cc... you don't like my "allusion" to teabaggers. That's fine. You don't have to like it. What's your objection to the good, moral value to a "free public library?"

pdxlifer.... I have no idea what your objection might be... that I know how to use Google??

The Library Association of Portland was privately funded and operated for 58 years (1864 to 1902) without the benefit of public taxes. It was only after John Wilson made a bequest of 9,000 mostly rare books -- predicated on making them available to the public -- that membership was no longer required. This led to the first public library levy in 1902 (while the City paid for services, the books were still privately owned and the library was privately operated).

It continued to be privately operated until 1990, when operations were transferred to Multnomah County.

It's been a fine example of public mismangement and political patronage ever since.

How long will it take for people to realize that HEALTH INSURANCE COSTS are crowding out needed services and eating up our public revenues. Tri-Met, libraries, public sector retires -- the story is the same. Get insurance companies out of the medical loop, and the numbers will change dramatically. Medicare for all.

I really don't know why I should have to pay for some rich, well off Portlander to get free videos from the Library and other free services; or to pay for a place for folks to hang out and play around on the internet for most of the day. These folks ought to pay a fee, too. But again the typical Portland DNA believes in such free entitlement.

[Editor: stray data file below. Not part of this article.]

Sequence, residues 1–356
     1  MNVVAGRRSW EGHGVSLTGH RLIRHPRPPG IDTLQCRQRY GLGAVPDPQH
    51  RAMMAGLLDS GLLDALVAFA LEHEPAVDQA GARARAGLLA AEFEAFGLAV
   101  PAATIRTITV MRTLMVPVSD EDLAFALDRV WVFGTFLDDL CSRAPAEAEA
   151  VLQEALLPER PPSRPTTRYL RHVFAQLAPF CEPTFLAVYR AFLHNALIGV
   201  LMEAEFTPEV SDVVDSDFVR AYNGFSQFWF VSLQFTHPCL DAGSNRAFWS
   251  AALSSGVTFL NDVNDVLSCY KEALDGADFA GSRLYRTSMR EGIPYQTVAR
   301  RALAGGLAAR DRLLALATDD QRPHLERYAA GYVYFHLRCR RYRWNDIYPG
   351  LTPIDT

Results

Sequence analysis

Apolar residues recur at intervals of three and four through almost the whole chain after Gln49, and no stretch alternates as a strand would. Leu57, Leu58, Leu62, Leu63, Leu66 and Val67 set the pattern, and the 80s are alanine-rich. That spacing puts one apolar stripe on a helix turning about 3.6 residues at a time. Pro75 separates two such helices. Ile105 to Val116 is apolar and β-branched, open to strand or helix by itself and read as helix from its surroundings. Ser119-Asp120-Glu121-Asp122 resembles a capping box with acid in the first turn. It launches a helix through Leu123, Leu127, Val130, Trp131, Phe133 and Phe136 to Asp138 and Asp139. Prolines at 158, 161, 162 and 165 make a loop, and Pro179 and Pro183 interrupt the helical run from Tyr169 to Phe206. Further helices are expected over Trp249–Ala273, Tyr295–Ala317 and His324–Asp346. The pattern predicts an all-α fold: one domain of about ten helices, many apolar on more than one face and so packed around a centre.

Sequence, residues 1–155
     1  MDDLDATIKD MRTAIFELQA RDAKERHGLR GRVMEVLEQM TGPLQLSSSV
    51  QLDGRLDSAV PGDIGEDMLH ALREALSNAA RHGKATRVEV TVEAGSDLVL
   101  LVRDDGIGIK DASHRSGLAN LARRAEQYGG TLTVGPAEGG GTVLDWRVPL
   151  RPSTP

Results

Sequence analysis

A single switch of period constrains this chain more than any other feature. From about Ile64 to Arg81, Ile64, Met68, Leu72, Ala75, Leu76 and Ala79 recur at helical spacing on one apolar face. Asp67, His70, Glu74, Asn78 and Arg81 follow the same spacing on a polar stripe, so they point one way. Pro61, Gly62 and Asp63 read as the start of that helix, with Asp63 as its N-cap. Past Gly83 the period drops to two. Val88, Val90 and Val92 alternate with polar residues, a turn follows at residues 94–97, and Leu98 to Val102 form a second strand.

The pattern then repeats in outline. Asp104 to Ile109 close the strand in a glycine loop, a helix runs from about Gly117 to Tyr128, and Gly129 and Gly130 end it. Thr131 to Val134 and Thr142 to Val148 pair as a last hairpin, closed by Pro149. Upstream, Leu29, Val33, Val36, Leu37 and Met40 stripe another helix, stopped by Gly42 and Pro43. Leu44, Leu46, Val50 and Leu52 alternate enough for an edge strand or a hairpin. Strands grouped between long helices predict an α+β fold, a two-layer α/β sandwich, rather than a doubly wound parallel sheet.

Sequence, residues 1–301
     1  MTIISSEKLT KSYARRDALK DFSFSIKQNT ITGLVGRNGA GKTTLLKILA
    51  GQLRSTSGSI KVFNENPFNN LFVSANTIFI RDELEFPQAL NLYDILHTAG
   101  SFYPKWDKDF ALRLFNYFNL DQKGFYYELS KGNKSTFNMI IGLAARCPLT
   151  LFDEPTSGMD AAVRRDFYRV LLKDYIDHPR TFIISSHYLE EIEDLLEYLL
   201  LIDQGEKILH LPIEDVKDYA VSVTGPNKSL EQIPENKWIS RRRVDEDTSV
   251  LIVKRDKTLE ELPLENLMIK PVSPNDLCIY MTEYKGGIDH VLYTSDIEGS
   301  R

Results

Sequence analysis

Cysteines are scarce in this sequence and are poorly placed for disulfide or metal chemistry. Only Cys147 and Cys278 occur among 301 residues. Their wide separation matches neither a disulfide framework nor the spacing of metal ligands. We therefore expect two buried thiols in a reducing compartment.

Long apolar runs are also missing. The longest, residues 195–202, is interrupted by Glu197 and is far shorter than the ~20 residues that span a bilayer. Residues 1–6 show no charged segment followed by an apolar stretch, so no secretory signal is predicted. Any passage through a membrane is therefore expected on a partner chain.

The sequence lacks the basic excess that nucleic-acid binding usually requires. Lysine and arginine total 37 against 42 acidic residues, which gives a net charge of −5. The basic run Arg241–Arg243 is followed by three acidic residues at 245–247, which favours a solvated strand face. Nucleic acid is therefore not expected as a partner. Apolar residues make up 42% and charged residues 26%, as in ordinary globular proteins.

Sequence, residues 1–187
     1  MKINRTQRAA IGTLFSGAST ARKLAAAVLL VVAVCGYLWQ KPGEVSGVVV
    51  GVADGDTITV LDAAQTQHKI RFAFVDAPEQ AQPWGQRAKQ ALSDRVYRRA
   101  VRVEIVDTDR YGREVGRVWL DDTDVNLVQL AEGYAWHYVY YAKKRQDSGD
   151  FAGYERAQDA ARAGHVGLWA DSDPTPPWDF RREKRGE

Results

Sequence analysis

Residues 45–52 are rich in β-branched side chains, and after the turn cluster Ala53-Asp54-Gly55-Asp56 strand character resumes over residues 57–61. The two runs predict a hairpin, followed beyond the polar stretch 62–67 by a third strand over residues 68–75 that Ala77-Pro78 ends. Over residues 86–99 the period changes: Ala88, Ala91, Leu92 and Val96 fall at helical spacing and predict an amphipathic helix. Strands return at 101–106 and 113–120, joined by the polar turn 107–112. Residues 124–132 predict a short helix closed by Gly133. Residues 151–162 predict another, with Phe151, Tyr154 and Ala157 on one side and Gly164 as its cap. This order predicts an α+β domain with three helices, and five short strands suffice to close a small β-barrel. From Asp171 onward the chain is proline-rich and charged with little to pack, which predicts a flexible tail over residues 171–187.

Have you been the library? You think that's what they're all about?

"If you have any concept of a free and equal society, then libraries are still an integral part of that."

Why do so many people think "Free Public Library" means government funded and inefficiently operated by unionized government employees?

Especially when it becomes so costly that it can't stay open?

Is it horrific to imagine the same Free Public Library operated by a private vendor even when it means keeping it open and affordable?

There's not even any mystery or risk involved as many public library systems have already been successfully converted.


The library can be operated less expensively and with just as much quality of service if it were run by a private service vendor instead of government employees making over generous benefit packages.

Ok, I'll take the bait--give me an example of a major urban area that has privatized its library and found that the resulting service was better than when it was run by the government.

Bob Clark: "I really don't know why I should have to pay for some rich, well off Portlander to get free videos from the Library and other free services; or to pay for a place for folks to hang out and play around on the internet for most of the day. These folks ought to pay a fee, too. But again the typical Portland DNA believes in such free entitlement..."

I suspect Mr. Clark is not a library user, though he is certainly quite the pontificator....Computer use at the libary is limited to one hour and that is controlled automatically by a timer, so it is not a place for people to "hang out on the internet most of the day." As a frequent library user, the people I see on those computers often are students doing homework,people doing resumes and job searching, etc. And as for free videos for the rich, at any given time in any given branch the video selection is very limited, hardly even a measurable fraction of what you'd find at Blockbuster, Red Box or Netflix. This is the last place the "rich" would be going for their movies.

From this
http://www.publiclibrariesnews.com/p/privatized-and-volunteer-libraries.html